h e−Tsp to scattering, we rendered spheres with Lambertian (figure 11) and
Gn (Tsp , θs0 ) i Phong BRDFs (figure 12) using our model above. The columns
I0 ks cosn θs0 + β 2 . (18)
D2sp 2π Tsp are from left to right (a) no scattering, (b) the effects of scattering
on surface shading, and (c) combining this with the airlight effects
As in the airlight model derviation, we have reduced the computa- directly from the source. For the Lambertian sphere in figure 11,
tion of surface radiance due to single scattering to a few analytic we see a dimming due to attenuation of light through the scattering
function evaluations and a few 2D table lookups. medium, and the diffusing of shading leading to a brightening of
darker shadow regions. In the specular case, we see a dimming and
diffusing out of the specular highlight due to scattering, combined
3 We use the prime on γ 0 to make a technical distinction from the angle
with an overall reduction in color saturation and contrast. These
γ between the source and viewer used in the previous section. An explicit are important qualitative shading effects that add to the realism of
trigonometric formula for γ 0 is given in appendix B. scene appearance in scattering media.
frag2app fmain( complex scenes with several light sources. As an example, we
float4 objPos : TEXCOORD3, // 2D texture coords rendered the scene shown in figure 1, with 39,999 vertices and
... 66,454 triangles. We simulated the scattering effects from 4 light
uniform samplerRECT F, // 2D special functions sources and achieved about 20 fps using the graphics hardware
uniform samplerRECT G0 , mentioned above. The model for the scene was obtained from
uniform samplerRECT Gn ) http://hdri.cgtechniques.com.
{
frag2app OUT; // output radiance 6 Complex BRDFs and Lighting
// Set up and calculate Tsv , γ , Dsv , Tvp , θs and θs0
So far, we have considered arbitrarily located point lights, and sim-
/********** Compute La from equation 11 ******/ ple Lambertian and Phong BRDFs, showing how an explicit expres-
A0 = (β ∗ I0 ∗ exp[−Tsv ∗ cos γ ])/(2π ∗ Dsv ∗ sin γ );// equation 7 sion can be derived and implemented. Rendering time is linear in
A1 = Tsv ∗ sin γ ; // equation 8 the number of lights. In this section, we show how these ideas can
v = π /4 + (1/2) arctan [(Tvp − Tsv ∗ cos γ )/(Tsv ∗ sin γ )]; be extended to efficiently handle complex BRDFs and environment
// v is one of texture coords map lighting using convolution, if we are willing to make particular
f1 = texRECT (F, f loat2(A1 , v)); // 2D texture lookup simplifying assumptions. We first introduce the notion of a point-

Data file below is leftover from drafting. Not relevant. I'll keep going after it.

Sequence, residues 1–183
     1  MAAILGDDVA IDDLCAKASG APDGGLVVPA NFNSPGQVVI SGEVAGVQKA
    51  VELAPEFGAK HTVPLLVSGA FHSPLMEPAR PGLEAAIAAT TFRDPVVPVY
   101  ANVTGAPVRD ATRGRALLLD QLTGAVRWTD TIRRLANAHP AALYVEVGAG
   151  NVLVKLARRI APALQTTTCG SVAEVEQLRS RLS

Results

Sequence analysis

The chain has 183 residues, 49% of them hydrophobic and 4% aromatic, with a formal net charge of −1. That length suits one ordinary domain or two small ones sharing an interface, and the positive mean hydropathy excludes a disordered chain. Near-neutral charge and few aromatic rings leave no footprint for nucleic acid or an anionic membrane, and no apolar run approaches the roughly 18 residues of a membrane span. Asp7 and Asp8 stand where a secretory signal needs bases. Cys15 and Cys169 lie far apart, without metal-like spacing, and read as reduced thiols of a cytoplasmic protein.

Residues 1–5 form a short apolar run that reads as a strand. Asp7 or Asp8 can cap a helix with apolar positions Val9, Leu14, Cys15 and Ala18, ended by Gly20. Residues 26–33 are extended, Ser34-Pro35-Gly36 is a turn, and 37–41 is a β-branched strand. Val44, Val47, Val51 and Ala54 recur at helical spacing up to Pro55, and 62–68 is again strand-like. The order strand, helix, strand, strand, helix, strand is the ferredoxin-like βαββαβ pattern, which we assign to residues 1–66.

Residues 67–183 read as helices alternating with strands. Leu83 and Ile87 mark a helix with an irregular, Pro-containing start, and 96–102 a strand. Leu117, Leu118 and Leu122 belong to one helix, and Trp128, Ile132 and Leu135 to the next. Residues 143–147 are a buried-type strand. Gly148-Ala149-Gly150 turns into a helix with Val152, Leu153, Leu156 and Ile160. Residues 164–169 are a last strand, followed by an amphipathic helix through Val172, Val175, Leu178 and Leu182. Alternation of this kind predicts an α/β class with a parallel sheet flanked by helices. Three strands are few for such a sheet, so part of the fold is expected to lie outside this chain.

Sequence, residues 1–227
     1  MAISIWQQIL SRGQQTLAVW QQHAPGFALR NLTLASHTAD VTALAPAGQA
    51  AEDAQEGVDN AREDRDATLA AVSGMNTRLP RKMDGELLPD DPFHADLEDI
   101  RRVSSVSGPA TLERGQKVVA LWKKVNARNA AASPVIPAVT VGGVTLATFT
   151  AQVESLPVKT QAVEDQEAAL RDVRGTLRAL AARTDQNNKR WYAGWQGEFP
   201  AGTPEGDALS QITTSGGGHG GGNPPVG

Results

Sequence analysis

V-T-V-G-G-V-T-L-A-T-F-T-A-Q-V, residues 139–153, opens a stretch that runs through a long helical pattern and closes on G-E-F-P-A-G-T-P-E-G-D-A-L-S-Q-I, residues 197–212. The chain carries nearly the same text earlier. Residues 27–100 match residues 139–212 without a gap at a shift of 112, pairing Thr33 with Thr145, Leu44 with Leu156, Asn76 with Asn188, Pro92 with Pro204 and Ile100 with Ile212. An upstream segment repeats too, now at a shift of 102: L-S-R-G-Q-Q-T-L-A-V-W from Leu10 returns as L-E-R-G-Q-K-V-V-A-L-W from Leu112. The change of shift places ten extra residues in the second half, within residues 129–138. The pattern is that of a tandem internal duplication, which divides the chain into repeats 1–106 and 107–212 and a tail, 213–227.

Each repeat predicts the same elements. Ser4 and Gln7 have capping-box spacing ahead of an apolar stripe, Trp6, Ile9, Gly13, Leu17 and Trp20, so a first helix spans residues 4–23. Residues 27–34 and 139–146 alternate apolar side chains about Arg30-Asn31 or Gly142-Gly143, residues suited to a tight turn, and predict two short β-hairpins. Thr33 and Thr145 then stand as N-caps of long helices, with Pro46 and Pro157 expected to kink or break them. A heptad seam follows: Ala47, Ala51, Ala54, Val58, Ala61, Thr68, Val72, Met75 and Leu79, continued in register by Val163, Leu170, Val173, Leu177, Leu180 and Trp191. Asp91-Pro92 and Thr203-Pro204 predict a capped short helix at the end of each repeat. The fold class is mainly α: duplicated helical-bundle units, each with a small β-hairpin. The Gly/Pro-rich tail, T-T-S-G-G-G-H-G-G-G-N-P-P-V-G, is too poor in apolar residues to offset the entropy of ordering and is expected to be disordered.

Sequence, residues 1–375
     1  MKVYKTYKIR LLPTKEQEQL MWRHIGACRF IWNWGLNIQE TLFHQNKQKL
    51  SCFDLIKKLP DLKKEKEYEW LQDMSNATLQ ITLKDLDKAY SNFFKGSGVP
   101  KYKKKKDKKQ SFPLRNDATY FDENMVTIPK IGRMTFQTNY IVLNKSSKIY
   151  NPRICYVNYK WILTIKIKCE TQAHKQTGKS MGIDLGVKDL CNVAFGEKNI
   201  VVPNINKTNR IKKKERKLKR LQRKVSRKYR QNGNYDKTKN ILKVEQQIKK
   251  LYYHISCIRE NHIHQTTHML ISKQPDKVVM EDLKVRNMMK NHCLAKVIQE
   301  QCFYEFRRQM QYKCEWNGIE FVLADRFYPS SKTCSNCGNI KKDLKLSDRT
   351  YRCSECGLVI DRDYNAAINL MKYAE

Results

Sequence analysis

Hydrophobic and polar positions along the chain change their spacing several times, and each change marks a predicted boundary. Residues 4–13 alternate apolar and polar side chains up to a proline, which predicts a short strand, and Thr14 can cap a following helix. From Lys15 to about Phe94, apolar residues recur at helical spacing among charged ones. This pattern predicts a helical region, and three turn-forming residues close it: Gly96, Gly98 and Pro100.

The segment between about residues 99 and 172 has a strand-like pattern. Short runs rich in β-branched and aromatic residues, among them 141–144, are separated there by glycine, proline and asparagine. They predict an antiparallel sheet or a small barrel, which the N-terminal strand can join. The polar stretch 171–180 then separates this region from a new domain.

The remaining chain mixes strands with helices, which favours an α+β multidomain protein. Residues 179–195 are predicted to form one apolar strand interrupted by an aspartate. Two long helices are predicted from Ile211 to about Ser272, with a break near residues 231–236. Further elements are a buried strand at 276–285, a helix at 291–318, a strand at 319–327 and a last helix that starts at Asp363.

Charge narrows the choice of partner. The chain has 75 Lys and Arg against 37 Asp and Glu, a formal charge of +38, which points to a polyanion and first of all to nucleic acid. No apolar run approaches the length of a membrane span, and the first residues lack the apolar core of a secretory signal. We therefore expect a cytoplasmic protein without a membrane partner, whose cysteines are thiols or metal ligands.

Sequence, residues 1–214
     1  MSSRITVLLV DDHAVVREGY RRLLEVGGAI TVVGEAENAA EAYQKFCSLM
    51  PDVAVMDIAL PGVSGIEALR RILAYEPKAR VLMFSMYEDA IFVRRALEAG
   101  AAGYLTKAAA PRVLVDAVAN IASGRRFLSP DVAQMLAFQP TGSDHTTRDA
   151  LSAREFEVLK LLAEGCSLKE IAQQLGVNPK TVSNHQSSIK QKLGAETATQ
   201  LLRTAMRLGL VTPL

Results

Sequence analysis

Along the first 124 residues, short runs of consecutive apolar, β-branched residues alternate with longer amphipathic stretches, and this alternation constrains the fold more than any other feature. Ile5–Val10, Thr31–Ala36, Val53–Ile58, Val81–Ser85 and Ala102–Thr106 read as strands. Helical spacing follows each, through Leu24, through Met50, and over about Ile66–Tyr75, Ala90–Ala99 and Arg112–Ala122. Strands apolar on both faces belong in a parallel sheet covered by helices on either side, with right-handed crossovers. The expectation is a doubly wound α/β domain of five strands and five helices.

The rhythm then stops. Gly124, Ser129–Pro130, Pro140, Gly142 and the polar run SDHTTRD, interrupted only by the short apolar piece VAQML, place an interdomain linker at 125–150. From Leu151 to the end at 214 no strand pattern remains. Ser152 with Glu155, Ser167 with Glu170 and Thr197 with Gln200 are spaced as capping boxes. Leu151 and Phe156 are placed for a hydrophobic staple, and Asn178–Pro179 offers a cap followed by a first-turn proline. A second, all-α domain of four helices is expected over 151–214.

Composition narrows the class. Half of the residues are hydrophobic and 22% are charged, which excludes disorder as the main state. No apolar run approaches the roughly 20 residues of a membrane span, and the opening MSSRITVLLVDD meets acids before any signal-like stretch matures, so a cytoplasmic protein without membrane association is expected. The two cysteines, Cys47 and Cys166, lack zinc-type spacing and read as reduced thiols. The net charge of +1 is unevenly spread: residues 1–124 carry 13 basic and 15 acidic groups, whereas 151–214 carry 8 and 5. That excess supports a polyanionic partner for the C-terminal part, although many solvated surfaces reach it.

f2 = texRECT (F, f loat2(A1 , γ /2)); spread function (PSF) for the radiance or glow from a point source
airlight = A0 ∗ ( f1 − f2 ); // equation 11 due to single scattering. This is similar in spirit to the PSFs derived
by Narasimhan and Nayar [2003] and Premoze et al. [2004] in the
/********** Diffuse surface radiance from equation 17 ******/ context of multiple scattering for offline rendering. We will then
d1 = kd ∗ exp[−Tsp ] ∗ cos θs ∗ I0 /(Dsp ∗ Dsp ); discuss a number of applications including
d2 = (kd ∗ I0 ∗ β ∗ β )/(2π ∗ Tsp ) ∗ texRECT (G0 , f loat2(Tsp , θs ));
di f f use = d1 + d2 ; • Rendering arbitrary BRDFs with point light sources, by con-
volving the BRDF with this PSF, as shown in figure 14. This
/********** Specular surface radiance from equation 18 ******/ approach can be used if we are willing to precompute a tab-
s1 = ks ∗ exp[−Tsp ] ∗ cosn θs0 ∗ I0 /(Dsp ∗ Dsp ); ular BRDF representation, instead of using a simple explicit
s2 = (ks ∗ I0 ∗ β ∗ β )/(2π ∗ Tsp ) ∗ texRECT (Gn , f loat2(Tsp , θs0 )); formula, as for Lambertian and Phong BRDFs.
specular = s1 + s2 ;
• Convolving an environment map with the PSF to efficiently
/********** Final Color (equation 19) ******/ handle very complex lighting (with possibly thousands of
OUT.color = airlight + (di f f use + specular) ∗ exp[−Tvp ]; lights, corresponding to the pixels of an environment map).
return OUT ; This convolution is possible if we assume that all light sources
} are equally far away, as in a distant environment map. This
enables us to obtain the characteristic glows and blurriness
Figure 13: Pseudocode for the Cg fragment shader that implements our around light sources on foggy days, as shown in figure 15.
combined model for airlight and surface radiance.
• Integrating volumetric scattering into precomputed radiance
5 The Complete Model and its Hardware transfer methods that include complex lighting, realistic ma-
terials, cast shadows and interreflections (figure 16). The idea
Implementation of convolving with the point-spread function can be applied to
almost any technique that uses environment maps, enabling
While the mathematical derivations in the previous two sections environment mapping and precomputed radiance transfer to
are somewhat involved, the actual implementation is straightfor- be used in participating media for the first time.